Ever wondered about the difference between Kraken vs Coinbase? If yes, keep reading through this article to know more and also know which one you are expected to use.
Interestingly, the top 10 cryptocurrency exchanges by trading volume, including Kraken and Coinbase, it has a lot to offer to cryptocurrency investors.
We compare all aspects of Kraken with Coinbase, including security, fees, available cryptocurrencies, and more. Find out how these two well-known exchangers compare and which one might be the most suitable for you.
Kraken vs. Coinbase: Fees
Even though their fees are fairly comparable, Kraken comes out somewhat ahead of Coinbase. This is a result of its cheaper trading fees as well as the fact that its charge structure is openly published.
If you’re new to investing in cryptocurrencies, you’ll save money on trading costs the sooner you become acquainted with the sophisticated platforms.
The pro platforms (Kraken Pro and Advanced Trade) are substantially less expensive to utilize, especially if you can make a fee-free deposit. We compared the pro and basic solutions side by side for the sake of fairness.
Kraken Instant Buy vs. Coinbase
The Instant Buy function on Kraken is very similar to the free exchange on Coinbase. For inexperienced cryptocurrency investors, in particular, both platforms make it relatively simple to acquire or sell cryptocurrency.
On both platforms, it would cost at least $1.50 in fees to purchase $100 worth of Bitcoin (BTC), with Coinbase charging more.
- Buying or selling cryptocurrency on Kraken costs 1.5%, whereas stablecoins cost 0.9%. Depending on the payment method you choose, there can be extra charges.
- On purchases or sales under $205, Coinbase charges between $0.99 and $2.99 in addition to a variable spread. On larger transactions, a 1.5% fee plus the spread is added. Depending on your modes of payment, such as using PayPal or a debit card, there can be extra costs.
Kraken Pro vs. Coinbase Advanced Trade
Both platforms include class maker/taker fees that are lower for investors who engage in more trading.
- For low-volume trades, the highest maker/taker fees on Kraken Pro are 0.26% / 0.16%. On the other hand, for investors that trade more than $10 million each month, this cost is decreased to 0.00% or 0.10%.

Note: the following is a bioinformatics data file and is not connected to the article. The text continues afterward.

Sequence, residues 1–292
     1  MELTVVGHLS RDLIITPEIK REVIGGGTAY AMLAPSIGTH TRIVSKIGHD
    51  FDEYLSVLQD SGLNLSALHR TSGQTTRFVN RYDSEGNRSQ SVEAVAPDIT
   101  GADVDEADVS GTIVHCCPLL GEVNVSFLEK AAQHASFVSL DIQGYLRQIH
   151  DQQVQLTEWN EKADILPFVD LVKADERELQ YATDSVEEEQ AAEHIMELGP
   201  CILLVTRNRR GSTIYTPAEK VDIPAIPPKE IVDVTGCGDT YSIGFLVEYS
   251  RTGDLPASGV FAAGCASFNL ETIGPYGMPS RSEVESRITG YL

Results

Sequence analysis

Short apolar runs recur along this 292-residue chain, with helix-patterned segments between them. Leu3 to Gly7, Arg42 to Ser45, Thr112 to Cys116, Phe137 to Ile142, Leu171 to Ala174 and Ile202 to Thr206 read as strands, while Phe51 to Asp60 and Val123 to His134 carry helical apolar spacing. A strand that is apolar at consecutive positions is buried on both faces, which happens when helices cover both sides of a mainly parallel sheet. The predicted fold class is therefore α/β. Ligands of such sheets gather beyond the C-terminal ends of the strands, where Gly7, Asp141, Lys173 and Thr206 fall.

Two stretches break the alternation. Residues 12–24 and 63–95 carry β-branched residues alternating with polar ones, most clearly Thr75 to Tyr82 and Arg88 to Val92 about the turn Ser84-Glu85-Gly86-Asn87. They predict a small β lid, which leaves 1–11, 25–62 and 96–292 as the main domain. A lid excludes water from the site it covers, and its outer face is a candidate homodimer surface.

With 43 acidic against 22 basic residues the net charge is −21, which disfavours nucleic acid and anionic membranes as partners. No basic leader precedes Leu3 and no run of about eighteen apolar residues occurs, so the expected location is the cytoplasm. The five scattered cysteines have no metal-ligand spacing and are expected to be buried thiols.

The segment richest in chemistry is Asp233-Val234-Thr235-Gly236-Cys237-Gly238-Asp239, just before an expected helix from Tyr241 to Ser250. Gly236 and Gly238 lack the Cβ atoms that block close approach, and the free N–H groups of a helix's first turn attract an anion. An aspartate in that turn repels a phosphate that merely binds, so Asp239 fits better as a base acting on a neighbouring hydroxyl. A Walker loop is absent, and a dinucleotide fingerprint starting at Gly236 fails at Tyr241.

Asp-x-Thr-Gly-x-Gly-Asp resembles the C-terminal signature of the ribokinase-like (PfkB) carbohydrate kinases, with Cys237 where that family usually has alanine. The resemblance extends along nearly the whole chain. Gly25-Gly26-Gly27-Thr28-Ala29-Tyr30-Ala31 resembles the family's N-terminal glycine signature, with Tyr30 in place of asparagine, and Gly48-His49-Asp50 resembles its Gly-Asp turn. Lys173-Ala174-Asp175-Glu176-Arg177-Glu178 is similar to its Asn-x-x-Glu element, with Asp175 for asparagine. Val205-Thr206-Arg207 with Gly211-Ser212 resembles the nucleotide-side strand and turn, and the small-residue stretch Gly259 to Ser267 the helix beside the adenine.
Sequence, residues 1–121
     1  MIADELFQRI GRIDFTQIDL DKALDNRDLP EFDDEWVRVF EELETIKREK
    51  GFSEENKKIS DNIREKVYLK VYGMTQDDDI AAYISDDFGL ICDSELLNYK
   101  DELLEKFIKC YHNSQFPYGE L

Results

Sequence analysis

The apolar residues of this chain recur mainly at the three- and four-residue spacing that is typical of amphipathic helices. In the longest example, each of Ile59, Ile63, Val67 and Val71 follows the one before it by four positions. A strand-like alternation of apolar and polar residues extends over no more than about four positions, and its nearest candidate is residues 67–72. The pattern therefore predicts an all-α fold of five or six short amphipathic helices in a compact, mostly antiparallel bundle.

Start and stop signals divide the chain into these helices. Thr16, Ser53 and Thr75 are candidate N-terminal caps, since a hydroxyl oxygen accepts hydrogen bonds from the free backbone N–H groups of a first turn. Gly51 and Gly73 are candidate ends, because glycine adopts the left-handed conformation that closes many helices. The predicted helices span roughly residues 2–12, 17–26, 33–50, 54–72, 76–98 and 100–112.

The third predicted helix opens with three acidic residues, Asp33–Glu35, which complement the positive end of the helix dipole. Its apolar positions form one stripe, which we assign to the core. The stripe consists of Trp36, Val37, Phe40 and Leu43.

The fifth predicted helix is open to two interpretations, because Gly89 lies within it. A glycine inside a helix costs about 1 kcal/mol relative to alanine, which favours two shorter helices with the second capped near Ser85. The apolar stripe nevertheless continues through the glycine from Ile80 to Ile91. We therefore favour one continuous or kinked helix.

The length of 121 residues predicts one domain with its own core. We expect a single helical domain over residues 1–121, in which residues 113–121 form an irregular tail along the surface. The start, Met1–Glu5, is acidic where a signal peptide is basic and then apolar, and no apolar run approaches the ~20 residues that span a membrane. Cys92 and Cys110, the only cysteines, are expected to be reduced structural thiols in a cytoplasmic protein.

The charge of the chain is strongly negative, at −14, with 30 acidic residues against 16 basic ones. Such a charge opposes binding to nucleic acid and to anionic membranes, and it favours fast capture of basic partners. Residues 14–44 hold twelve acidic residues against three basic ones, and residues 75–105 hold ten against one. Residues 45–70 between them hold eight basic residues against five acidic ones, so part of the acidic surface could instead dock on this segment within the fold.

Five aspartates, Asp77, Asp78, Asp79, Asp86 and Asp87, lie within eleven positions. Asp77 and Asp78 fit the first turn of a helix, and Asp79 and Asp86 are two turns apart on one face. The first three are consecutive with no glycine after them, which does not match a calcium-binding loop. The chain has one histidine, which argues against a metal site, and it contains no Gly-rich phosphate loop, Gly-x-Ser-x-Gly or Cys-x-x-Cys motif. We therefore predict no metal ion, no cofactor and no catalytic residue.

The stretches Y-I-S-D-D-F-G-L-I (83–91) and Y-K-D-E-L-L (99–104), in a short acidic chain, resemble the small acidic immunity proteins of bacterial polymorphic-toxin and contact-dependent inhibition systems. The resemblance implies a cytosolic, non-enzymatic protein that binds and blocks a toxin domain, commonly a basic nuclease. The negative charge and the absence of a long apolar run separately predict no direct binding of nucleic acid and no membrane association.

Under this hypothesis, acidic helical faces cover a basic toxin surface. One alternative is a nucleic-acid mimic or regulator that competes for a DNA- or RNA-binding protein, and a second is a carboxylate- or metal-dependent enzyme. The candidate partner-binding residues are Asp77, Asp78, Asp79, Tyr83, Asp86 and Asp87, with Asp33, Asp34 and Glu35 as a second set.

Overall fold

- For low-volume traders, the highest maker/taker fees on Coinbase Advanced Trade are 0.60% / 0.40%. For top-level investors who transact $500 million in transactions each month, this cost is decreased to 0.05% / 0.00%.
Consider your usage of the platform, including how you wish to deposit money, how frequently you will buy and sell, and how you might withdraw your funds, before looking at the costs on cryptocurrency exchanges.
Both services provide free methods for money deposits. The majority of bank transfers to Kraken and Coinbase are free, depending on the nation you are in.
However, using your debit card can result in additional costs. While Coinbase charges up to 3.99% for debit card purchases, Kraken charges 3.75% + 0.25c for debit card payments.
Kraken vs. Coinbase: Cryptos Available
You may purchase popular cryptocurrencies like Bitcoin, Ethereum (ETH), or Cardano (ADA) on both Coinbase and Kraken. Both include numerous minor coins and tokens in addition to nearly all of the top 20 cryptocurrencies by market cap.
Both platforms offer a sizable selection of decentralized finance cryptos, smart contract cryptos, gaming and metaverse tokens, and other types of crypto.
With more than 210 cryptocurrencies, the bulk of which are accessible to American investors, Coinbase has the advantage in terms of numbers. On Kraken, approximately 200 cryptocurrencies are listed.
About 40 of them, though, are not open to American investors. While some Coinbase cryptos aren’t accessible to New Yorkers and Kraken doesn’t operate in either Washington state or New York, Coinbase still has an advantage in this area. Therefore, Hawaii cannot access Coinbase.
Kraken vs. Coinbase: Wallets